Fueled by persistently high unemployment rates, completed foreclosures surged 56.7 percent over the first half of the year, placing foreclosures on pace to surpass their recent high in 2008, according to figures released Tuesday morning.
In June, 1,313 foreclosure deeds were executed and completed foreclosures this year totaled 7,431 and were up in every county except Nantucket, according to the Warren Group. In 2008, 12,430 foreclosures were completed in Massachusetts, including 6,707 during the first six months of 2008.
“Foreclosures which were initiated a year ago are now being completed, and the figures are staggering,” Warren Group CEO Timothy Warren said in a statement. “We are on pace to exceed the peak foreclosure level seen in 2008 when more than 12,000 homeowners statewide lost their homes to foreclosure.”
Foreclosure deeds during the first half of 2010 were up by more than 60 percent in several counties, including Barnstable (74 percent), Berkshire (62 percent), Bristol (65 percent), Franklin (168 percent), Hampden (70 percent), Hampshire (107 percent), Plymouth (62 percent) and Worcester (84 percent).
Aaron Gornstein, executive director of Citizens Housing and Planning Association Inc. (CHAPA), said foreclosures in the pipeline lead him to believe the state will hit 15,000 foreclosures this year, a total that he said could eclipse foreclosure figures during 1990 and 1991, one of the state’s deepest recessions.
“We’re on pace for record foreclosures in 2010,” said Gornstein. “It’s an astounding number.”
Initiated foreclosures, the first step in the foreclosure process, dropped 3.4 percent in Massachusetts over the first half of the year, compared to the first half of 2009.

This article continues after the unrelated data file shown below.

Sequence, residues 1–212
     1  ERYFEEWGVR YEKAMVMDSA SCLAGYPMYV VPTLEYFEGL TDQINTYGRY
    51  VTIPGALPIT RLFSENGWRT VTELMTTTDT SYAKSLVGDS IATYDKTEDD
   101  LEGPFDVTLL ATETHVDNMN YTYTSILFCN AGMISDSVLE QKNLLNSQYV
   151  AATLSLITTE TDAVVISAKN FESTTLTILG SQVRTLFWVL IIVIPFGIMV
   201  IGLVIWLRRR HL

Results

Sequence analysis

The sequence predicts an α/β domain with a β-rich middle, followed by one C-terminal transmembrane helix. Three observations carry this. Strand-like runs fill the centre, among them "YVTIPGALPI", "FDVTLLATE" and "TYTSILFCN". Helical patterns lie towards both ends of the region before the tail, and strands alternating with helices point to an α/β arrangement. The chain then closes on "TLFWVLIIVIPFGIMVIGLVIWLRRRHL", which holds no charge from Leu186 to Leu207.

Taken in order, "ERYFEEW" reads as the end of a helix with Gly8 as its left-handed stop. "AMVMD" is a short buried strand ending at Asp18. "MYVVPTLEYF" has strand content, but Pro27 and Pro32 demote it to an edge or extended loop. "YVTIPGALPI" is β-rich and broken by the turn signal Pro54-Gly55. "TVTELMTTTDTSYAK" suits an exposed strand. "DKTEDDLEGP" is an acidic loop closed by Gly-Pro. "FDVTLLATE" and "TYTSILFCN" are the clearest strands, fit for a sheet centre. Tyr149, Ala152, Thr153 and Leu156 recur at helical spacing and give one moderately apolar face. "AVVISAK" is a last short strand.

“We have been averaging just over 2,200 foreclosure petitions a month this year compared to about 2,300 a month last year,” Warren said.
The Warren Group began collecting full-year foreclosure statistics in 2006, when 3,130 foreclosures were reported. That number rose to 7,653 in 2007, to 12,430 in 2008 and down to 9,269 in 2009.
Gornstein, of CHAPA, called on the House to take up legislation passed by the Senate that would help delay foreclosures by requiring an extra 60 days to work out loan modifications, protect tenants of foreclosed properties and criminalize willful acts of mortgage fraud.
Many tenants who are up to date on rent payments face displacement when their landlords face foreclosure, Gornstein said. “We see the tenants as just innocent victims here,” he said. “The crisis is far from over.”
While subprime lending and overextended borrowers were behind the wave of foreclosures two years ago, Gornstein said high unemployment, and high numbers of underemployed individuals, are driving the latest rounds of foreclosures, which he said can fuel crime, vandalism and neighborhood problems.
House leaders have delivered positive signals about the bill, Gornstein said, but the legislation is competing with sweeping gambling, economic development, crime and other bills, with formal sessions set to end July 31.
“Because there’s so many other things up there pending, it’s difficult to know” if the bill will advance, he said, adding, “We think there’s a lot of support for this.”
The bill has been pending in the House Ways and Means Committee since early May after clearing the Senate unanimously in late April.